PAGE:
The Yogyakarta sultanate has retained its Mataram dynasty tradition despite a prolonged internal conflict over succession. The conflict has not disrupted sultanate traditions, including one of the most important events, the anniversary of Hamengkubuwono X’s coronation at the end of April.
The peak of the coronation event was the Labuhan (ritual offerings to the gods and goddesses) at Parang Kusumo Beach (Bantul regency, Yogyakarta), Mount Lawu (on the border of Karanganyar regency in Central Java and Ngawi and Magetan regencies in East Java) and Mount Merapi (on the borders of Sleman regency, Yogyakarta, and Magelang, Boyolali and Klaten regencies in Central Java).
Thousands of people took part in the ceremonies at the three places, deemed sacred by many Javanese.
During the Labuhan ceremony, people made offerings -- such as clothes and food - –at the three sacred places as a gesture of gratefulness to God for His blessings as well to ask for prosperity and the safety for the Yogyakarta sultanate. At Parang Kusumo Beach, the nails and hair of the sultan were also used as offerings. They symbolize the harmony of the universe.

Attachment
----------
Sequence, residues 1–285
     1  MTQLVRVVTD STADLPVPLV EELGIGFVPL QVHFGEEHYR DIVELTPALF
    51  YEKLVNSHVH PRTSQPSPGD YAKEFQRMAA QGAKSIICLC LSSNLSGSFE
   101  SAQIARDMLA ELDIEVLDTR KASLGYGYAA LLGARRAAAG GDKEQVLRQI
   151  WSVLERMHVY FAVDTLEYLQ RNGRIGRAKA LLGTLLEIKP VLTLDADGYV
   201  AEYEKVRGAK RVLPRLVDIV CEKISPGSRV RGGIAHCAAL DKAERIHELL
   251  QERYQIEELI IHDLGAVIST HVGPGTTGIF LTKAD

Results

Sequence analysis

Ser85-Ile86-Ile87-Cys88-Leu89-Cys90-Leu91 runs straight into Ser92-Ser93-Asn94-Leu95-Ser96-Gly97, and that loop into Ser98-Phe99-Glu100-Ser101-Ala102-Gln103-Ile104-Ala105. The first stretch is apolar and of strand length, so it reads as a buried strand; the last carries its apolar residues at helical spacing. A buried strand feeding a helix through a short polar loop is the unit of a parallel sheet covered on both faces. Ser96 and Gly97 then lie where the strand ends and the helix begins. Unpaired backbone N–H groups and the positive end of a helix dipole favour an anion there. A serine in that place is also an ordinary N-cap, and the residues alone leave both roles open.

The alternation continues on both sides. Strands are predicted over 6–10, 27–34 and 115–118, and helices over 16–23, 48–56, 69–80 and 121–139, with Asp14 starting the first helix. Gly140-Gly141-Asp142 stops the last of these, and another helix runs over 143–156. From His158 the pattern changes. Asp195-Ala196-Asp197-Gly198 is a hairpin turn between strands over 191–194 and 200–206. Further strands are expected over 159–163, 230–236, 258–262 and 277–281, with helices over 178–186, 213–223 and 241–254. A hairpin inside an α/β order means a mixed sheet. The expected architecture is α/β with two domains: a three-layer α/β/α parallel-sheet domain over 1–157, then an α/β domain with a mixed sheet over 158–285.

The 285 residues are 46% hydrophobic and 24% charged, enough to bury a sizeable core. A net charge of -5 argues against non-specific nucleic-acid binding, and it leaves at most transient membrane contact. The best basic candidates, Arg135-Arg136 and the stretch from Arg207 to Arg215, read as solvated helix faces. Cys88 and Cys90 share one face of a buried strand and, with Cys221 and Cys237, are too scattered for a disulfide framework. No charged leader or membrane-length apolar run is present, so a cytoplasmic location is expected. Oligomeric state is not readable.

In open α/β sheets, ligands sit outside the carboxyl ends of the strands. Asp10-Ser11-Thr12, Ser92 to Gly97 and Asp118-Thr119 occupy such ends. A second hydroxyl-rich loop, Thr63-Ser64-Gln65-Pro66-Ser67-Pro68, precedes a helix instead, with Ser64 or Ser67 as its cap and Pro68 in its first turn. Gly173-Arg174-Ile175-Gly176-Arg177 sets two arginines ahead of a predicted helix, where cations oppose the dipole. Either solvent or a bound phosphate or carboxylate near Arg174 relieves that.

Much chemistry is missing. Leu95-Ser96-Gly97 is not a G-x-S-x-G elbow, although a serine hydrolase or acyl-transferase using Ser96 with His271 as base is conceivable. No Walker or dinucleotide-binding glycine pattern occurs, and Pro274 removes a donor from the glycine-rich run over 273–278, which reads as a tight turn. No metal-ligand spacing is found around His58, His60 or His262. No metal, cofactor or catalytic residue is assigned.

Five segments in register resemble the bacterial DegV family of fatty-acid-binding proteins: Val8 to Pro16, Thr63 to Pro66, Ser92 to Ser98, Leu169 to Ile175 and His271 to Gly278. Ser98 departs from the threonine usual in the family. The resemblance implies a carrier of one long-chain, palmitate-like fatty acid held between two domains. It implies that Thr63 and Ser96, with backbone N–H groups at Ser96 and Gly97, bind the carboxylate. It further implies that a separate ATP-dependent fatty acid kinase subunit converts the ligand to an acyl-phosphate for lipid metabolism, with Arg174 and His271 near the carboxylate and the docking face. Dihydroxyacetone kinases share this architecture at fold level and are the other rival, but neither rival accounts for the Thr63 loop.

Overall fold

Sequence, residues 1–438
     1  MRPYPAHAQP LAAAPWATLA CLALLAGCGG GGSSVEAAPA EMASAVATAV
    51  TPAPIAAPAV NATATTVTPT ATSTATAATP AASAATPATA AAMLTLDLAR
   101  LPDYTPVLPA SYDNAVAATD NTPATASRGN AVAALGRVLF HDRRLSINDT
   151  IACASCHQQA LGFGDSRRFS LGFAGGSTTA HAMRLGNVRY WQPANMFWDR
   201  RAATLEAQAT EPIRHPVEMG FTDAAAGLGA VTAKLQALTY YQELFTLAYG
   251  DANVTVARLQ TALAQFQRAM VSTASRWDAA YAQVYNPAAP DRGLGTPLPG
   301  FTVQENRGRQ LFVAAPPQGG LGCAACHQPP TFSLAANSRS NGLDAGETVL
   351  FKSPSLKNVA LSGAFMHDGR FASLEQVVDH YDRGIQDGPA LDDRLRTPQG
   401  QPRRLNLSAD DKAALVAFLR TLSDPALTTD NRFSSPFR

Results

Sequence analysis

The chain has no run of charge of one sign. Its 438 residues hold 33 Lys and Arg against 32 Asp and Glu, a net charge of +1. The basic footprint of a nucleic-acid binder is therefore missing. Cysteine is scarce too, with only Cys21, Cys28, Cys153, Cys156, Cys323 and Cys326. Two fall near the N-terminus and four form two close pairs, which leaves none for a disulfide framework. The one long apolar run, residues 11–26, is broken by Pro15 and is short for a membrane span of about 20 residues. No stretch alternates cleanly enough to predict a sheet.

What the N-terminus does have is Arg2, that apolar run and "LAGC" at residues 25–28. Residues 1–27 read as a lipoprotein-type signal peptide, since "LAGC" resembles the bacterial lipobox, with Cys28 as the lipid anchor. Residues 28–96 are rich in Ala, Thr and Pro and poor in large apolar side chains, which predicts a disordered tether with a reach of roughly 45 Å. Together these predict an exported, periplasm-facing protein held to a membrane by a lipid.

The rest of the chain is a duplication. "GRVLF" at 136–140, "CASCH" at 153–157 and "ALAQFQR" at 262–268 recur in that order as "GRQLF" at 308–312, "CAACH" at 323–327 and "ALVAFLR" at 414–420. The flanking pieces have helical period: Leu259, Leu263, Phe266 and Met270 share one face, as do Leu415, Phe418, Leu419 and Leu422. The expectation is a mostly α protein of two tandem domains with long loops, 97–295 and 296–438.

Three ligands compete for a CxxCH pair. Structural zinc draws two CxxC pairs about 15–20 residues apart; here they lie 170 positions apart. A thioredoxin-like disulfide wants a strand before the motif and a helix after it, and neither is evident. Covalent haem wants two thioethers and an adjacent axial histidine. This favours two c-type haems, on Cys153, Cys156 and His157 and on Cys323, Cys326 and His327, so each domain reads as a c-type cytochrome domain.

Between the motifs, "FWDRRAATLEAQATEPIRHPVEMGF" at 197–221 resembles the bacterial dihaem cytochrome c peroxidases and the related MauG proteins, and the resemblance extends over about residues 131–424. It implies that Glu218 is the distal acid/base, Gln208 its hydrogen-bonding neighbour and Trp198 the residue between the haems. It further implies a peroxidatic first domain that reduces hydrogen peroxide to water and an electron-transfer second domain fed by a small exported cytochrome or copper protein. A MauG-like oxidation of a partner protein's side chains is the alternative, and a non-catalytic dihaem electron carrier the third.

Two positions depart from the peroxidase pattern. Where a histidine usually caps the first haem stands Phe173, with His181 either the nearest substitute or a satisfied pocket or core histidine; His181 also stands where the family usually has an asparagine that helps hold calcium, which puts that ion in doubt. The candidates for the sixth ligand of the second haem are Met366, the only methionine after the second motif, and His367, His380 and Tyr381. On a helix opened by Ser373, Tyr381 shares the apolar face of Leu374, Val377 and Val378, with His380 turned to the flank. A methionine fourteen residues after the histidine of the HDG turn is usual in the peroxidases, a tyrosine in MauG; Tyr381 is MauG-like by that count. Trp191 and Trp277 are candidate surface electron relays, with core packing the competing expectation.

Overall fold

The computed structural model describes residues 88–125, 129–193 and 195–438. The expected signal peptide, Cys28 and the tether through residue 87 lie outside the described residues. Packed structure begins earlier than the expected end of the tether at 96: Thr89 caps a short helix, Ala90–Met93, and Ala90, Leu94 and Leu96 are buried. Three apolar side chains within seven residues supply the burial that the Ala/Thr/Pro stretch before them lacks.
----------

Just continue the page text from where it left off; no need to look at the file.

The offerings ceremony was proceeded with the Ngebluk Jladren ceremony, in which royal servants prepared dough to make apem (Javanese pancake), made with flour, coconut milk and palm sugar. These items were kept in a hereditary jar for one night.
The next morning, the royal family and the royal servants started the Ngapem ceremony with the making of different types of apem. One of them was apem mustaka (literally head apem), which was prayed over.
A day later, during the coronation ceremony at the Bangsal Kencana (Royal Hall), the sultan prayed for the well-being of Indonesia and the sultanate and gave apem to the attendants.
The next day, all the Labuhan offerings were taken from the palace to the three sacred places. The offerings were thrown into the Indian Ocean from Parang Kusumo Beach on the same day, while offerings were made on Mount Lawu and Mount Merapi the next day.
The tradition is centuries old and people remain enthusiastic to participate, as can be seen at Parang Kusumo Beach, where people try to grab any offerings within reach. Their gesture shows that they will keep the tradition alive.[yan]